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Liberty Belle: Poor New Zealand

Deborah Coddington's Liberty Belle

Poor New Zealand

If I could paint a picture it would be of me eating humble pie. Grovelling in the dirt. Begging forgiveness for the two unforgivable errors in last week's LB.

Number one, my knighting of Colin Meads. I had checked with the then latest 'Listener' magazine and they called him Sir Colin. That will teach me to trust a left-wing magazine (although under Pamela Stirling's editorship it is now including dissenting voices).

Number two, my 'standing on principals' instead of 'principles'. I'm usually such a pedant over these two, along with 'less' and 'fewer', 'bought' and 'brought' (not so hot on 'who' and 'whom') that I feel terrible about letting myself and you readers down so badly. Thanks to all of you who emailed me. Especially Peter Cresswell who made me laugh by saying he thought it was only Trevor Mallard who stands on principals.

Having got that off my chest, so to speak, it's not every day you get a letter from the managing director of a company with an annual turnover in excess of $850 million. This week, as a member of the Transport and Industrial Relations Committee, I received a letter from Anzco Foods, employer of 2000 people who work in this international meat company's New Zealand processing plant operations.

In April this year the amendments to the Holidays Act took effect and Anzco has taken the trouble, in a very reasonable and well-argued manner, to point out the adversity being experienced by Anzco since April.

Incremental financial losses are one major result. This year's Easter break statutory holidays compared with 2003, for example, meant $137,600 in additional costs - an increase of between 37% and 68% for Anzco's four different business units.

Sick leave for April and May this year - just two months - meant $193,500 in increased costs. Actual sick leave pay for these two capacity processing months reflected increased hours taken off by employees - based on the four business units - ranging from 39% to 117%. The accumulated sick leave cost for the total Anzco group, based on the new rate, is $962,000.

What does this mean for the company? The increased absenteeism has resulted in product recovery losses of approximately $12 per head for cattle and $1.50 per lamb processed. Profitability, in other words, will decrease by at least $6.5 million per year.

Will this translate to pay rises for workers? No. Will it mean new jobs being created? I don't think so. But then these amendments were union driven and union bosses are only interested in protecting their members. Despite their rhetoric about the 'rich' trampling on the 'poor' they don't give a fig about the jobless. The unemployed are their competition.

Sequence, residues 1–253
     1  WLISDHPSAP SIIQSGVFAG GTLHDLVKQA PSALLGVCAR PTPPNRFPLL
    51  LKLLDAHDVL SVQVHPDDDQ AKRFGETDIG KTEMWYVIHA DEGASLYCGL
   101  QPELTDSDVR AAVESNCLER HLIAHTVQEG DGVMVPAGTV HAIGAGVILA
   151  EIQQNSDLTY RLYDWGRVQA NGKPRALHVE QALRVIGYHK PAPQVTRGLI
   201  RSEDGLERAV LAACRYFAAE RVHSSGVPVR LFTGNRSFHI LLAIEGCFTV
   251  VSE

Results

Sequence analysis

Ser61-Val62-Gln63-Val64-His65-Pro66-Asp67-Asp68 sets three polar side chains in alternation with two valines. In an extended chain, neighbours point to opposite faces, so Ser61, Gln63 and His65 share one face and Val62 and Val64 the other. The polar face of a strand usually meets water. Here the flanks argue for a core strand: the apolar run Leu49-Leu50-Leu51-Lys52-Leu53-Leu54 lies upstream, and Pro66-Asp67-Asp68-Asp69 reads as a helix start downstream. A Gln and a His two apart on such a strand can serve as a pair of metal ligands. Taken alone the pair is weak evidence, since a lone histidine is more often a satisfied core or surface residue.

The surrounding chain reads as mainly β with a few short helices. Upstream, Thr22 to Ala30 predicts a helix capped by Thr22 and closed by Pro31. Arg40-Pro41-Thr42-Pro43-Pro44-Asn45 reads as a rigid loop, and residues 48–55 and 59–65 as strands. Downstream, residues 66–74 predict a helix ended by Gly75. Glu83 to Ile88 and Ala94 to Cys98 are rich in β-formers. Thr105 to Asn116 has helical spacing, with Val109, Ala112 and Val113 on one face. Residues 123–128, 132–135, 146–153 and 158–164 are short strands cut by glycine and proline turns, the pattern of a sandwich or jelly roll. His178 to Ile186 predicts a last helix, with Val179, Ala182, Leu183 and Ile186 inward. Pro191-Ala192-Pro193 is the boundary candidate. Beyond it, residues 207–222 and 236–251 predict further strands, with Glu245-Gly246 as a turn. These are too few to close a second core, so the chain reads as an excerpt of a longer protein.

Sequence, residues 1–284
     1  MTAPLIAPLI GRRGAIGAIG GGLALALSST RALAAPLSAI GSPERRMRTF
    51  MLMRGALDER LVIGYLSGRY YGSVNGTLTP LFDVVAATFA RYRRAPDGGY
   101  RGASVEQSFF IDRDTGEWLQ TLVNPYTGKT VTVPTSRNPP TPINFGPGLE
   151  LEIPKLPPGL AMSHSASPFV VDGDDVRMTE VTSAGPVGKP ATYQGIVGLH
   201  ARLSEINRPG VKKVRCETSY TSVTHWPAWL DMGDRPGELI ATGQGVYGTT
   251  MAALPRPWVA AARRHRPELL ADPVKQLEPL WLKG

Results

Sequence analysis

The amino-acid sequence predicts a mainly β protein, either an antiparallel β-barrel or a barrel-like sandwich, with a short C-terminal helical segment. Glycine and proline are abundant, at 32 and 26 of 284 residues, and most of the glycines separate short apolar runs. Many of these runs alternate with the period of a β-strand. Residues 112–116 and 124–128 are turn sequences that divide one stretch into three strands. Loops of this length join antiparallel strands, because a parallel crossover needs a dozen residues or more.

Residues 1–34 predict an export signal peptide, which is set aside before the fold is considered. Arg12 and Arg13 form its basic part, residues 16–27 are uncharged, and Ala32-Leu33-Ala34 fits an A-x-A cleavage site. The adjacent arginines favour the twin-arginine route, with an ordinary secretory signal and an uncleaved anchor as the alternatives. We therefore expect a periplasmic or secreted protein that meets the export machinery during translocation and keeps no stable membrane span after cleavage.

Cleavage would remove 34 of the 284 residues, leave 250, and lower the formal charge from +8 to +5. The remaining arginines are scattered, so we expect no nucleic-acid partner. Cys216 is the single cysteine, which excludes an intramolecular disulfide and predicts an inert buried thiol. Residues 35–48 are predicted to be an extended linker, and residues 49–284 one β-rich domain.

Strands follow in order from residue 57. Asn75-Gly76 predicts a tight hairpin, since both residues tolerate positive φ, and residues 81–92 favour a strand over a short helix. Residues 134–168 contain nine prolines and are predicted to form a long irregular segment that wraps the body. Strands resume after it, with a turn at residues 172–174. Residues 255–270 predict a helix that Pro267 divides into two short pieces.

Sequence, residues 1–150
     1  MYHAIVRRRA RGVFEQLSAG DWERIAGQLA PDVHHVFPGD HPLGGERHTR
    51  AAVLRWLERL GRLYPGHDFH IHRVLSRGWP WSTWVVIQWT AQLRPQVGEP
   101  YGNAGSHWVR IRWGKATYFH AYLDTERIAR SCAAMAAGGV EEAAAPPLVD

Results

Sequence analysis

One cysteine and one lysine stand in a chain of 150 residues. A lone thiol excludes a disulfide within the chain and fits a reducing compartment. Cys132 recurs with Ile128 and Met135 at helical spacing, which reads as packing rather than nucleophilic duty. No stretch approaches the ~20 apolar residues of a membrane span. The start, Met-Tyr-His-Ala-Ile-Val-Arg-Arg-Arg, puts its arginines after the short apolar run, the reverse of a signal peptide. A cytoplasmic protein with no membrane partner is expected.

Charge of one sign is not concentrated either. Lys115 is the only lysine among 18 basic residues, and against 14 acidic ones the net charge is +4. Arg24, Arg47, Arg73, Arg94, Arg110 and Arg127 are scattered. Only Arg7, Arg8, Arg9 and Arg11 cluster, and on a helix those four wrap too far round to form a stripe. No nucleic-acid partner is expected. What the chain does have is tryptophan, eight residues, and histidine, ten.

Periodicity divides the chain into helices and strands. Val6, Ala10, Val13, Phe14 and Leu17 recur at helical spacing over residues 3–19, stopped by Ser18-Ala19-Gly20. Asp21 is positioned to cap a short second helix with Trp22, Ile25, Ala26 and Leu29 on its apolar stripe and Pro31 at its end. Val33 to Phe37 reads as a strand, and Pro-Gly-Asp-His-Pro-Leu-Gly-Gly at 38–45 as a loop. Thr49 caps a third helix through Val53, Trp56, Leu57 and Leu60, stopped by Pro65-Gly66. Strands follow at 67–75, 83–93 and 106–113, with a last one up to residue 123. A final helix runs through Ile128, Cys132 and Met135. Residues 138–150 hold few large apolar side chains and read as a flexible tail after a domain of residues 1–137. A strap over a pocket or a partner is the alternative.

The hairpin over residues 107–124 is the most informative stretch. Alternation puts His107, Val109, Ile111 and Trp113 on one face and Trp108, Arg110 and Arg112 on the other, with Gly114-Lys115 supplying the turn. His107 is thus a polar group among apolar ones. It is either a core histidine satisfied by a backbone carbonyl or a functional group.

Anzco was careful, in this letter, to point out that "although the amendments were well meaning at the time, they are in reality not achieving the desired outcomes". Not sure I agree with that statement but I do admire their generosity of spirit. As I remember it, there was a lot of nonsense from government MPs about "work/life balance" and ensuring people spent time with their families.

That spin sends the message that work is something to be endured whereas, in truth, most of us enjoy our work. If we don't, we look around for a job that's more satisfying, or work our butts off for promotion. We don't need the Government, strong-armed by the unions, to tell us what to do with our lives and our families.

But finally, I think the last two paragraphs of the Anzco letter summed up the most devastating effects of this legislation. The financial losses are one thing, but the cultural change that this sort of policy brings about is, to me, a disaster. We were once a country of proud, hard working, risk-taking, and healthy folk. The Holidays Act amendments - and other bossy-boots legislation passed by this Government - is turning us into a nation of wimps.

"If we endeavour to pinpoint the reasons for the problems encountered we are left with the conclusion that the new legislation has resulted in a substantial behavioural change by many of our previously good employees. This is supported by the fact that numerous staff who in the past took very few sick days now witness their colleagues being able to take days off at random being financially incentivised as 'productivity bonuses' are now paid out to absent staff. They are also left to fill in the gaps created by the absenteeism, which is not good from a motivational/team standpoint and further incenses remaining employees in the workplace. This is not assisted by employees who now do not have the requirement to produce a medical certificate until after day three of a continuous absence.

"The untenable situation the company finds itself in will undoubtedly create a large level of workplace disharmony. It will also force a company like Anzco to seek solutions, which will result in lost opportunities for existing employees. This could include the option of contracting labour from offshore."

I would bet good money on the fact that this is duplicated in other workplaces - big and small - all around the country. Poor New Zealand.

Yours in liberty,
Deborah Coddington

Liberty Belle is a column from Deborah Coddington, Member of Parliament for ACT New Zealand. If you would like to be removed from this list, please advise by return email. If you would like to subscribe to other ACT New Zealand publications, please visit our web site at http://www.act.org.nz.

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